The Diocese of Nottingham was founded in 1850, and encompasses the counties of Nottinghamshire, Derbyshire, Leicestershire, Lincolnshire and Rutland. It is a suffragan diocese in Province of Westminster, and is subject to the Archdiocese of Westminster. The cathedral is in Nottingham and is dedicated to St Barnabas. 139 churches were visited for Taking Stock (2011).

Scunthorpe – Holy Souls

A handsome early twentieth century Gothic church by Edmund Kirby & Sons, their only church in the Diocese of... Read More

Scunthorpe – St Bernadette

A polygonal church design of 1980; fit for purpose but not architecturally exceptional. The parish was established... Read More

Shepshed – St Winefride

A very late Gothic Revival church, designed by Allan Reid of Young & Reid and typical of the best interwar... Read More

Shirebrook – St Joseph

A red brick Gothic Revival church of the early twentieth century, built to serve an expanding mining town. The exterior... Read More

Sileby – St Gregory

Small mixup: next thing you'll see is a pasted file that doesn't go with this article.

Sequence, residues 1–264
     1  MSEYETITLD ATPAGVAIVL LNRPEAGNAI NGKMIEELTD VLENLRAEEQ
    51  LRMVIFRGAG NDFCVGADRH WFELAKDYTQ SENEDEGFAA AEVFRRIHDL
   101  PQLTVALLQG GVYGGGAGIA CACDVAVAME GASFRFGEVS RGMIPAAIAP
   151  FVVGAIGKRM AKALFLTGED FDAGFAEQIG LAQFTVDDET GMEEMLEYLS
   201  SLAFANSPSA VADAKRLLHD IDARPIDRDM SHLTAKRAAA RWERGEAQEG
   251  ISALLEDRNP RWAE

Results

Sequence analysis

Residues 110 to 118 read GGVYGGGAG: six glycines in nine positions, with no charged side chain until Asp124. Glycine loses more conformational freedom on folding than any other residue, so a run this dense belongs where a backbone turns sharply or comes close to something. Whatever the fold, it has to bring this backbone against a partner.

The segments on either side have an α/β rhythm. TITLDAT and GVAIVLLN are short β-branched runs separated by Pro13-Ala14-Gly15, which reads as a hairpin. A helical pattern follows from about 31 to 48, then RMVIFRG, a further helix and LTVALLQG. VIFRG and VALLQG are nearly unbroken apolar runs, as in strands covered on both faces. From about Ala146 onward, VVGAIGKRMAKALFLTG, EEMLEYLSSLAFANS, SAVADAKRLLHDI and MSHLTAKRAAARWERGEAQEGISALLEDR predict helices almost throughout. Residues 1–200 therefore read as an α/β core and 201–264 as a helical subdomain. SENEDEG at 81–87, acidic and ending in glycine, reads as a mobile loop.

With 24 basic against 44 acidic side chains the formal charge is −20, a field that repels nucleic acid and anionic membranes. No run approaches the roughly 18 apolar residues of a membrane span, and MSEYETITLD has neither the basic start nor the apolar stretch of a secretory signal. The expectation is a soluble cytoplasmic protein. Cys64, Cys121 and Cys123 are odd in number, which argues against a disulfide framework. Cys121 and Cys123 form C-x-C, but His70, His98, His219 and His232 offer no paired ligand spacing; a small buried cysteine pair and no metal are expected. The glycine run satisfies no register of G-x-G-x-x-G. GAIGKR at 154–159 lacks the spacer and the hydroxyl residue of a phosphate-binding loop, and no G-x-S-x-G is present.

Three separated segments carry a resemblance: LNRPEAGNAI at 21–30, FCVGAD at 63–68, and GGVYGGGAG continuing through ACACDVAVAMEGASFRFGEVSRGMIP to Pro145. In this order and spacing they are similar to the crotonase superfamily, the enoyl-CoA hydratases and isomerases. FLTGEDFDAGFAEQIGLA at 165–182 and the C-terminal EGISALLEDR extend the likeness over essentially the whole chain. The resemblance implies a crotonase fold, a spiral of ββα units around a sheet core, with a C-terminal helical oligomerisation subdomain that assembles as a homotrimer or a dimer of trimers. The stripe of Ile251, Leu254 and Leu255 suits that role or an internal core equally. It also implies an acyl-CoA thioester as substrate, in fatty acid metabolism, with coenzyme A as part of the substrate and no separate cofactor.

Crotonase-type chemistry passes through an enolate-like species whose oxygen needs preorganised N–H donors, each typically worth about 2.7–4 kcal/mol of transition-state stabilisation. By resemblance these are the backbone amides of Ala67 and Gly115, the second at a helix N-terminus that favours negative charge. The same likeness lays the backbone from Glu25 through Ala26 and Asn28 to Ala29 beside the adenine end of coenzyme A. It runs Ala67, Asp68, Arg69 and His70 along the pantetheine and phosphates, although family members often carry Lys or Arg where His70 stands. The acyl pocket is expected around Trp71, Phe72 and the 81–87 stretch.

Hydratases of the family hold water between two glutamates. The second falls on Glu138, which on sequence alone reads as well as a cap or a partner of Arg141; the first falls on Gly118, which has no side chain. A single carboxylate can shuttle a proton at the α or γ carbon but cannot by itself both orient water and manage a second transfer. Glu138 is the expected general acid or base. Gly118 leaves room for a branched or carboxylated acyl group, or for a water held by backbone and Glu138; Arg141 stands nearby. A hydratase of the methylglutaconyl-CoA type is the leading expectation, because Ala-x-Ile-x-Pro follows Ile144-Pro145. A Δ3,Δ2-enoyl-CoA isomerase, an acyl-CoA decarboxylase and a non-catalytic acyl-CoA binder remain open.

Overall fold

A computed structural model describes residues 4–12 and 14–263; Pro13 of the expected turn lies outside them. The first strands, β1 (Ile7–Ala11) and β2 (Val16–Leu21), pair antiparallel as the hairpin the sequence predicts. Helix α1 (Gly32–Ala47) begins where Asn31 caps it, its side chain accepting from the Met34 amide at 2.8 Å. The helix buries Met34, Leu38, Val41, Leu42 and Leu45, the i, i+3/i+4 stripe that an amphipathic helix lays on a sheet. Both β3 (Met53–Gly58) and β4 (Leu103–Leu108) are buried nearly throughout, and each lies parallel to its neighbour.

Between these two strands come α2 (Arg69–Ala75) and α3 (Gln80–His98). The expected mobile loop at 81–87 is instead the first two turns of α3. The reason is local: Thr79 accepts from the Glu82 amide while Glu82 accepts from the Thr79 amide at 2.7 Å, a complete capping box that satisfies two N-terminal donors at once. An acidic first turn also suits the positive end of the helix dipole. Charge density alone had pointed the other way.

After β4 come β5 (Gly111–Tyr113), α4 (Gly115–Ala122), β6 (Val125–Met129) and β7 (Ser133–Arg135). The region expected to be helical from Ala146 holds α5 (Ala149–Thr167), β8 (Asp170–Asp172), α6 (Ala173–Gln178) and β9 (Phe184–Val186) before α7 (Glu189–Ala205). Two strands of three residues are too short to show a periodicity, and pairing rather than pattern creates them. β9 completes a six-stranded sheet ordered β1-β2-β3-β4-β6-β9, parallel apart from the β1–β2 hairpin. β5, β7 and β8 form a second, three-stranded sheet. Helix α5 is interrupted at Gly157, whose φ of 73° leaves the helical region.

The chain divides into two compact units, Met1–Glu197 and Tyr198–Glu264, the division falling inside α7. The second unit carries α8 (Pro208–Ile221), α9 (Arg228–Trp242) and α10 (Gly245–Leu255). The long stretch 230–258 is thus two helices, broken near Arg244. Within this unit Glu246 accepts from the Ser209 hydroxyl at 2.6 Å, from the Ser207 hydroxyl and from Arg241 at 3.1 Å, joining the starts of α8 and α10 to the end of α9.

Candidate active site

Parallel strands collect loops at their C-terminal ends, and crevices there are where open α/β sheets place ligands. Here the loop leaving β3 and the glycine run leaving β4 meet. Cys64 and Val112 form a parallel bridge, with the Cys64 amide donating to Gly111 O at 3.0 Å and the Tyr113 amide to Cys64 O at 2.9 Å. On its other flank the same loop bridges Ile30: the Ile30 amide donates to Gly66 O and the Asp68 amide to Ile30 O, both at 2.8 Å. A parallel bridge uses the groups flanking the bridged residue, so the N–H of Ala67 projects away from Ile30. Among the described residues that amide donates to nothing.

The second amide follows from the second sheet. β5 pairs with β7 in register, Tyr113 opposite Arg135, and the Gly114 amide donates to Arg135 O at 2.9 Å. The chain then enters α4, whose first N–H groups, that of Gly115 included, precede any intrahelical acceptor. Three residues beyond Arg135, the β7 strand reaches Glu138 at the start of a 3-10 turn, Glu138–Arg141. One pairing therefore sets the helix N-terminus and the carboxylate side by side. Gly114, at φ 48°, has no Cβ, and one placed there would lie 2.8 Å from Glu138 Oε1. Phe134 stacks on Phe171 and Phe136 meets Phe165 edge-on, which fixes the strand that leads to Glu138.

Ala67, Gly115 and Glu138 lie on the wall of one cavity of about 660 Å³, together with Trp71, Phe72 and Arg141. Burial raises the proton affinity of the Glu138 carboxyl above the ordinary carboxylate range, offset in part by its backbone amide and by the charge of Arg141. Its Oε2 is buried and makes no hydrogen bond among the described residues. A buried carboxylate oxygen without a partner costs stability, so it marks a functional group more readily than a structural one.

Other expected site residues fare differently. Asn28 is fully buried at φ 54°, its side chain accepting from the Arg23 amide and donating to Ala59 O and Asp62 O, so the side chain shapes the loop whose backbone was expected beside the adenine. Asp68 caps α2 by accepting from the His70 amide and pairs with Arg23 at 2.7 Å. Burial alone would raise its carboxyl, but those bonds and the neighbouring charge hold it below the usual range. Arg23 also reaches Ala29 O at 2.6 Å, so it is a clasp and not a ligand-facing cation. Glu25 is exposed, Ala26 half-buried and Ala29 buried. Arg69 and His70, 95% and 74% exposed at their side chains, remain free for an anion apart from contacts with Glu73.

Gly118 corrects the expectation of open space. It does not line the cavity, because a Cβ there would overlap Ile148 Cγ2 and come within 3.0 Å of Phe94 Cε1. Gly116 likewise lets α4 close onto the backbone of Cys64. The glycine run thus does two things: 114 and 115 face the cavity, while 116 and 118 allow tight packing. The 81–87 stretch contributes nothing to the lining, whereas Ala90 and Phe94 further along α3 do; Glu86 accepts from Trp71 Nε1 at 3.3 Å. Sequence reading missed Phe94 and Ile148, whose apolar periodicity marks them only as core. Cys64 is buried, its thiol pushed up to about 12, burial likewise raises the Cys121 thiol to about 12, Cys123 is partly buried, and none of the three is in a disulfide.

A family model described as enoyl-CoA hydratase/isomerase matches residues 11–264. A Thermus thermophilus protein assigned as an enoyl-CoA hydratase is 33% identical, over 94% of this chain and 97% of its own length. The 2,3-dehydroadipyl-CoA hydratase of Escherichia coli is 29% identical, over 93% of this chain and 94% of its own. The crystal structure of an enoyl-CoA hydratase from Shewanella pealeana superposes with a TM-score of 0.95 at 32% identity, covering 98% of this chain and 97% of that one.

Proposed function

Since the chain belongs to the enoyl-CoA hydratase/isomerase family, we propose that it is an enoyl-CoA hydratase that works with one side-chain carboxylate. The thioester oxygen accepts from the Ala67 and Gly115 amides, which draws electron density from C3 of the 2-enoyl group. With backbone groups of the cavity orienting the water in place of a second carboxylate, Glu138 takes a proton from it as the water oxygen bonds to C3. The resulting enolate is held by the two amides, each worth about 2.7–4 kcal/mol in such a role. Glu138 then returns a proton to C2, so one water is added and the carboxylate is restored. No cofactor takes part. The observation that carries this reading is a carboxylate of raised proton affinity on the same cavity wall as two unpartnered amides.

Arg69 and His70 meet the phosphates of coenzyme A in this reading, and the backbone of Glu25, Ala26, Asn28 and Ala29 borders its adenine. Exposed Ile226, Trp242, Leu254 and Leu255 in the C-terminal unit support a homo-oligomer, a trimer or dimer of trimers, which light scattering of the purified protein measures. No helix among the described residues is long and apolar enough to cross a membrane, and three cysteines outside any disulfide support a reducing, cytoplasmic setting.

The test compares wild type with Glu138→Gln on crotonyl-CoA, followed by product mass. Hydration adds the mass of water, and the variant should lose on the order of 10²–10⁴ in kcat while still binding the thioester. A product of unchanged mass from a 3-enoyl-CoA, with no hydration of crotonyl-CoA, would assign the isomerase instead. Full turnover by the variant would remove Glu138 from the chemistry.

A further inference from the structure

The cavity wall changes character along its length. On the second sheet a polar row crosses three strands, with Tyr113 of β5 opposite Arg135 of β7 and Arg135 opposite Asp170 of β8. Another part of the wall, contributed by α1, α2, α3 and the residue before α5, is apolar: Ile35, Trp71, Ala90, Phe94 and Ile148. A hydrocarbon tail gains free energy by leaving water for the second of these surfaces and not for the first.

A modest Victorian brick Gothic chapel, of some architectural interest for the vigorous brickwork of the... Read More

Skegness – Sacred Heart

A spare, stripped Romanesque post-war design by Reynolds & Scott.  The first Catholic church in Skegness was... Read More

Sleaford – Our Lady of Good Counsel

An idiosyncratic Victorian Gothic church by a little-known local architect which with its adjoining presbytery forms a... Read More

South Wigston – St Mary

The original modest early twentieth century church was built to cater for the working population of Wigston, an... Read More

Southwell – Our Lady of Victories

A laminated portal frame church of the early 1960s in the modern Gothic style then favoured by its architects, Reynolds... Read More

Spalding – Immaculate Conception and St Norbert

A recent church of contemporary design, incorporating some furnishings from the previous (M.E. Hadfield & Son)... Read More

Spilsby – Our Lady and the English Martyrs (chapel-of-ease)

An early twentieth century Gothic brick church, of townscape value and interesting for its use of terracotta... Read More

Stamford – St Mary and St Augustine

An idiosyncratic High Victorian church by the eminent Catholic architect, George Goldie, built of stone in a stone... Read More

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